Stock Connect quotas set to rise

Keen to see A-shares included in the MSCI Emerging Market Index, officials in Hong Kong and mainland China will likely set higher quotas for the Stock Connect programme.
Stock Connect bridge set to widen
Stock Connect bridge set to widen

Quotas on the Shanghai-Hong Kong Stock Connect are set to rise sharply as part of China’s push to qualify its domestic stocks for inclusion in the widely-tracked MSCI Emerging Market Index, say market participants.

An announcement could come as early as today if regulators and stock exchange officials in mainland China and Hong Kong agree they want to be seen making necessary reforms in advance of MSCI's deadline. Sources tell FinanceAsia that an announcement regarding quotas and other factors is ready pending final approvals.

The Hong Kong and Shanghai stock exchanges may also combine a quota increase with announcements for a futures contract for China A-shares tradable in Hong Kong plus a widely anticipated link to Shenzhen’s stock market, one of the market participants said: “They could announce the trifecta.”

Other market players say these developments will come but perhaps staggered over coming months, assuming MSCI delays immediate inclusion but paves the way for an accelerated process that does not depend on waiting for another annual review.

Index compiler MSCI is due to decide on June 9 in the US whether to include mainland Chinese equities, known as A-shares, in its emerging market benchmark indices as part of its annual market reclassification, a move that could attract tens of billions of dollars into mainland stocks.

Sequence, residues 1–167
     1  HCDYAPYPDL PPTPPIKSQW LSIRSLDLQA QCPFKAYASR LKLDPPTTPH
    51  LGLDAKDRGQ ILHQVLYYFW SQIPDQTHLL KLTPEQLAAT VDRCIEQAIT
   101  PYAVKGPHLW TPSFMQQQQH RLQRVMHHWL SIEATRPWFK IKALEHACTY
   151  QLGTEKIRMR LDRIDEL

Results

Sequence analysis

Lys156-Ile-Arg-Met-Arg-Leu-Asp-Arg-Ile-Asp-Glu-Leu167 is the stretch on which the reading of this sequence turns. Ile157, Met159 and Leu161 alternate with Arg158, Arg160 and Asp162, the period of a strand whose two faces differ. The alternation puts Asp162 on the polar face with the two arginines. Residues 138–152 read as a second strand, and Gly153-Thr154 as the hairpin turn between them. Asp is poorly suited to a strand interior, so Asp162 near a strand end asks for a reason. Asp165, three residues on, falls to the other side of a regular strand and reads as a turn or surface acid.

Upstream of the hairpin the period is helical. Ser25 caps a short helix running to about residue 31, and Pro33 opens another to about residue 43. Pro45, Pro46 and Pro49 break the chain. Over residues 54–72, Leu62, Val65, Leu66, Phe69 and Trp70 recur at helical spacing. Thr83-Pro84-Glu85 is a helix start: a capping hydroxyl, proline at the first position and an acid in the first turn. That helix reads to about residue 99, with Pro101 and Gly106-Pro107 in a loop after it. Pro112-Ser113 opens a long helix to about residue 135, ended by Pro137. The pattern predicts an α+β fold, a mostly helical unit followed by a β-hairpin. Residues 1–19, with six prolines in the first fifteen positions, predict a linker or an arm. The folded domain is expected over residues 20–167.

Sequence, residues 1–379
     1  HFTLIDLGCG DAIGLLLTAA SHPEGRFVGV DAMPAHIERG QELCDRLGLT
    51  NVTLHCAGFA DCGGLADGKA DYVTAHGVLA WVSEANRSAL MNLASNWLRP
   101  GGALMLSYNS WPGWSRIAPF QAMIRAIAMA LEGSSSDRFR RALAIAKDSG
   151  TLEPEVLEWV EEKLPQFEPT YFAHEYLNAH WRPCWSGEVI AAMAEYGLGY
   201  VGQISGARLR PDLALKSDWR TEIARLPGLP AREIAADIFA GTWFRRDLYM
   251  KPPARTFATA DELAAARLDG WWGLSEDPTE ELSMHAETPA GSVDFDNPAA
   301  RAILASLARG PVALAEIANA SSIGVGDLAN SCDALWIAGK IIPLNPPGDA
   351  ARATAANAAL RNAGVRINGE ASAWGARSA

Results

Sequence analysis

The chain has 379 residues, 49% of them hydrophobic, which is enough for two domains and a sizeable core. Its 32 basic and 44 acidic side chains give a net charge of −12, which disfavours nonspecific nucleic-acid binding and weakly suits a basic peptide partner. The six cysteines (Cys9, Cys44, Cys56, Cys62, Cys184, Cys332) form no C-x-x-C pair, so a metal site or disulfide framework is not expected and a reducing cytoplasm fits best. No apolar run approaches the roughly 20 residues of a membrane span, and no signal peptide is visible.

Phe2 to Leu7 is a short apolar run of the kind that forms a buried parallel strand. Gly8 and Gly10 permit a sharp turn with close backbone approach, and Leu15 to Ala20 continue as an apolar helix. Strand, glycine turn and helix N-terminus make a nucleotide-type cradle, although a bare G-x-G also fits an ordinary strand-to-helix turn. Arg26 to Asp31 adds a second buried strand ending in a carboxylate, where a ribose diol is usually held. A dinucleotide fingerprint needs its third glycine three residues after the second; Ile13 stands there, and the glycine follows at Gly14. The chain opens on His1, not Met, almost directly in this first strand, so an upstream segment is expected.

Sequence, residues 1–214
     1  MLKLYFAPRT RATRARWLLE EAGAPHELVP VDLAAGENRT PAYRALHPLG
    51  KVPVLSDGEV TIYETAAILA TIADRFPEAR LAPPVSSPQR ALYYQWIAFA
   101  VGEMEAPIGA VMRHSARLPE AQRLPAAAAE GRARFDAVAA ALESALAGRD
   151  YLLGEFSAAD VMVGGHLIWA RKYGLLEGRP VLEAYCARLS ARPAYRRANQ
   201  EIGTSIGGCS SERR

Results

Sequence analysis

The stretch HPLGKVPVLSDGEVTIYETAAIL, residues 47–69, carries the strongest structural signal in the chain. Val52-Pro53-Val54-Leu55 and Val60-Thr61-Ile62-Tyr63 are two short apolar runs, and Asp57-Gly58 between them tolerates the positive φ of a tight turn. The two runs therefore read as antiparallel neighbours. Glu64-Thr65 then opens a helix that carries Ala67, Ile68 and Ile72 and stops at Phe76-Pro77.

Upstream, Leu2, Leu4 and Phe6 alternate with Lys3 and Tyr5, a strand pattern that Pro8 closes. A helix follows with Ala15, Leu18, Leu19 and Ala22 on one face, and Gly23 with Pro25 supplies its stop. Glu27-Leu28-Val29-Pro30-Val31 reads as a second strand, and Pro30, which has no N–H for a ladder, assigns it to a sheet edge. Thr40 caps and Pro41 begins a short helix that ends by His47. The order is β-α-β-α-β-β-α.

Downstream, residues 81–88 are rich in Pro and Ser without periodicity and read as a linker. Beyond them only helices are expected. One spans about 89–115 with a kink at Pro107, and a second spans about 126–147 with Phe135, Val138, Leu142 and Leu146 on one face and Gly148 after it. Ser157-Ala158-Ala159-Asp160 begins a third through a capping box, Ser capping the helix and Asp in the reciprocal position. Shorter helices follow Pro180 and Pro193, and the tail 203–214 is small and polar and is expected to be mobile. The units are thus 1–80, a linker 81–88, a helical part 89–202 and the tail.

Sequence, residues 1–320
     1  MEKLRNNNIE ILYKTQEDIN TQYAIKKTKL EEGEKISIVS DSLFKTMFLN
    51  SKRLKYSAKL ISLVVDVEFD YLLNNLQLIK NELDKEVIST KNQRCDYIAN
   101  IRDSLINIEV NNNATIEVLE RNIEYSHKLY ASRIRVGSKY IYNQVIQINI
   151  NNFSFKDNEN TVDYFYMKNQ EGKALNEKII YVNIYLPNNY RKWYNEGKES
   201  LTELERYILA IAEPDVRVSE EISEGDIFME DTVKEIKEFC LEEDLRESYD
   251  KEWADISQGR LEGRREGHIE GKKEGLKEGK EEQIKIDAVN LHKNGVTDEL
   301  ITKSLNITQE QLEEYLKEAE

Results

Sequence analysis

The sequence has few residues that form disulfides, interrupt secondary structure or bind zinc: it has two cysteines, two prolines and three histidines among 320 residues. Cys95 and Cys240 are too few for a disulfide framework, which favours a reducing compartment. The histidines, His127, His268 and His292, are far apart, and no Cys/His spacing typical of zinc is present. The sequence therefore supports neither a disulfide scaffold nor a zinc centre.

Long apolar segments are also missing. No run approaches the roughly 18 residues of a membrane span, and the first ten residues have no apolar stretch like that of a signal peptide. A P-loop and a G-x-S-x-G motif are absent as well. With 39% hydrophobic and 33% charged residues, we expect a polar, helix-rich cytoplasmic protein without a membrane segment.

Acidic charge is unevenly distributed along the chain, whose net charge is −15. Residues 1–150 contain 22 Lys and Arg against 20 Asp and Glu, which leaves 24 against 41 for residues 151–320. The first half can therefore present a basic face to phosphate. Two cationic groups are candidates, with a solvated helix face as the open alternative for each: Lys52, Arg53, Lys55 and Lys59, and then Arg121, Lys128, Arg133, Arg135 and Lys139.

One of the reasons MSCI has been reluctant to include A-shares to date is that China’s stock markets are still not freely tradable by foreign investors, as illustrated by the quota system on the Stock Connect pilot scheme launched last November, according to MSCI’s review last year.

To assuage such concerns, regulators in mainland China and Hong Kong agreed on nearly doubling the northbound daily quota on Stock Connect, from Rmb13 billion ($2.1 billion) to Rmb20 billion ($3.2 billion), according to one market participant. The aggregate northbound quota of Rmb300 billion ($49 billion), which has particularly worried passive index trackers, is also set to rise and may even be abolished.

Hong Kong Stock Exchange chief executive Charles Li told a conference on May 20 that the quotas would rise very soon, but he gave no details.

Full inclusion in MSCI Emerging Market index would lead to passive inflows of at least $47 billion, according to an estimate by HSBC.

Few market participants expect that the MSCI will announce it will include A-shares in its benchmarks next week, but one suggested that it may start due diligence, meaning it would not need to wait a full year before revisiting the matter. If so this suggests inclusion may be a matter of months – which is why the stock exchanges and securities regulators need to act promptly to boost two-way capital flows.